The Effect of Isoflurane on the Blood-Brain Barrier

Date(s) - 07/05/2013
3:00 pm

Christine Girard, Masters Student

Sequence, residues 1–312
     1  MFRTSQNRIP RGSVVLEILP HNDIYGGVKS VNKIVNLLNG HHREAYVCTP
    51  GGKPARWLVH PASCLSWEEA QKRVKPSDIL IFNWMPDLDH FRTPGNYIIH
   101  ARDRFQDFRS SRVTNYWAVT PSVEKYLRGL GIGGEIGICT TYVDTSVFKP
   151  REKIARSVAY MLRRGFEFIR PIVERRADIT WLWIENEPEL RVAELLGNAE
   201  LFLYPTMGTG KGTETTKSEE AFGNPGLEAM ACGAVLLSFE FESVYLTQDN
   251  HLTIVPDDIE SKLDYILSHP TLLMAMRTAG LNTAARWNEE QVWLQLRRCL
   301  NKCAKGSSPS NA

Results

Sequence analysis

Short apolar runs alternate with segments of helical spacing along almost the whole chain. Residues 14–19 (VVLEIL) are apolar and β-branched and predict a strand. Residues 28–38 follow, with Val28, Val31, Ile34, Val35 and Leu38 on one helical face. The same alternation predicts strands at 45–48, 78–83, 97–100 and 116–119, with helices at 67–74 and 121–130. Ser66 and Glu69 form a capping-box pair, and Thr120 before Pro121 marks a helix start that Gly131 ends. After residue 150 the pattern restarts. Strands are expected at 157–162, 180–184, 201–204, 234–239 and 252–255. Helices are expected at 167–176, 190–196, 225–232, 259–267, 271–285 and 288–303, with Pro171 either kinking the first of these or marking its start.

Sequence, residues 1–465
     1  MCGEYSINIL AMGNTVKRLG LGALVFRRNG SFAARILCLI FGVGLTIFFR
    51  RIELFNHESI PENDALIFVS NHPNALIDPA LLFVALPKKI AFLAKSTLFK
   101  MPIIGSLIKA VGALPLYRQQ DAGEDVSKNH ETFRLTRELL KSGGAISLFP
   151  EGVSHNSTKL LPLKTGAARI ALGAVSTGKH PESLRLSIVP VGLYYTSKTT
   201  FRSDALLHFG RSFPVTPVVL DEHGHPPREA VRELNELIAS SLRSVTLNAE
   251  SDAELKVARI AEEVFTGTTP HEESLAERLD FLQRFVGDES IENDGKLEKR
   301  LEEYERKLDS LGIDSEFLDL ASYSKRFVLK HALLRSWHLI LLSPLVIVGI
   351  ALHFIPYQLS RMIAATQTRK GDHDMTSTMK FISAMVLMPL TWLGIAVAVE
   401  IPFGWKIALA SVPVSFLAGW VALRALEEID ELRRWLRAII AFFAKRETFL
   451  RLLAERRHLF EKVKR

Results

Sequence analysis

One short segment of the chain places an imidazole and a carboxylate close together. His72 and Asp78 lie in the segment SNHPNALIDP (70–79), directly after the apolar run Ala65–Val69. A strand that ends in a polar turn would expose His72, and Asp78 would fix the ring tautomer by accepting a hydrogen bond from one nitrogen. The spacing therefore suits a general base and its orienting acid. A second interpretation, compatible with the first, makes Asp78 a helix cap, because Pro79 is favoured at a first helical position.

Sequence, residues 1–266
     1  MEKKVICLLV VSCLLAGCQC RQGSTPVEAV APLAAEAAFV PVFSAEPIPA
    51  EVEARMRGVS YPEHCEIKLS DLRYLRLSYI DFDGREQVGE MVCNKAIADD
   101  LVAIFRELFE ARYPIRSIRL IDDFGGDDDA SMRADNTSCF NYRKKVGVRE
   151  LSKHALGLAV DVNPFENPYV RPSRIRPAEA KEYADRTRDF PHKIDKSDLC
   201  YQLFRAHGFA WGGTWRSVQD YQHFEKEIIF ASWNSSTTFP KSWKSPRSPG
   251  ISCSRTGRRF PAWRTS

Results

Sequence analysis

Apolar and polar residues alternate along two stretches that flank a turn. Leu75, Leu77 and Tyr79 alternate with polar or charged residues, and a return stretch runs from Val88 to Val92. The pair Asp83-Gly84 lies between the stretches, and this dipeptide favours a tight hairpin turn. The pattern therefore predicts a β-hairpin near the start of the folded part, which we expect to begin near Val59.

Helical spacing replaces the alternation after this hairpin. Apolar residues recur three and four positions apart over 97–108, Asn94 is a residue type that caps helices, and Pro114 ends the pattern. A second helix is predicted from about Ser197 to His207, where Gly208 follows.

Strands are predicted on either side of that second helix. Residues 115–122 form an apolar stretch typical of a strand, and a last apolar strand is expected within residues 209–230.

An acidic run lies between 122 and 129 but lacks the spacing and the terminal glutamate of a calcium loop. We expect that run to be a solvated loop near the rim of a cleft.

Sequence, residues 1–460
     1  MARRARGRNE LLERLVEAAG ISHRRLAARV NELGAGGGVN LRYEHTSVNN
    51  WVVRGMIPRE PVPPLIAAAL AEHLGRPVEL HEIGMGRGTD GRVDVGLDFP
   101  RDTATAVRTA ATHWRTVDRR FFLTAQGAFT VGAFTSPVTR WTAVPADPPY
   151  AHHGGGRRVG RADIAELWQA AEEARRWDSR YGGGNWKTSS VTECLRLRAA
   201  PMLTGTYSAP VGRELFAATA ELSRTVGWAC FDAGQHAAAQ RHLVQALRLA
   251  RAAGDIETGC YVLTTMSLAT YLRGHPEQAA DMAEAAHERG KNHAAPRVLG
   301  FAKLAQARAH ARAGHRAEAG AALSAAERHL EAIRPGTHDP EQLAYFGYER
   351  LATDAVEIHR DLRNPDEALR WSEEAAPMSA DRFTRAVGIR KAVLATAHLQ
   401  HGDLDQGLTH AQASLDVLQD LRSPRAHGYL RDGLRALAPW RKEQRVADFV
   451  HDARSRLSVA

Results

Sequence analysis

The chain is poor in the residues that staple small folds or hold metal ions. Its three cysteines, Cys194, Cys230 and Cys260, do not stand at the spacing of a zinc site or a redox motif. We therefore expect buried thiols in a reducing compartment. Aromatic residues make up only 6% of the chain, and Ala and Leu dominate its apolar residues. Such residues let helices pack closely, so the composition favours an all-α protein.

The blood-brain barrier (BBB) is a complex structure that is comprised of tight junctions and their associated proteins, junction adhesion molecules, and astrocytic end-feet. These features aid in limiting the transport of certain molecules into the interstitial space in the brain and ensure that the integrity of the barrier is maintained. Alterations to these structures may result in BBB disruption and serves as the underlying cause of several central nervous system (CNS) disorders [1]. The effect of the anesthetic agent, isoflurane, on the permeability of the BBB remains unclear. In this study, we performed tail vein injections of Evans blue dye (EVB) in rats exposed to an hour of isoflurane (2% in oxygen) while monitored by an electroencephalogram (EEG), in order to investigate the effects of this volatile anesthetic on the BBB. Fluorescence microscopy was utilized to examine brain slices for traces of EVB, which appeared to be confined to vascularized regions within tissue, cerebrospinal fluid (CSF) spaces (fissures and ventricles), and brain parenchyma directly outside of regions containing CSF. The observation of EVB in CSF spaces and the surrounding brain parenchyma appears to be a direct result of leaky capillaries located within the choroid plexuses of cerebral ventricles. Brain tissue does not appear to contain EVB, indicative of an intact BBB. Thus, this study demonstrates isoflurane does not play a role in the partial or complete breakdown of the BBB.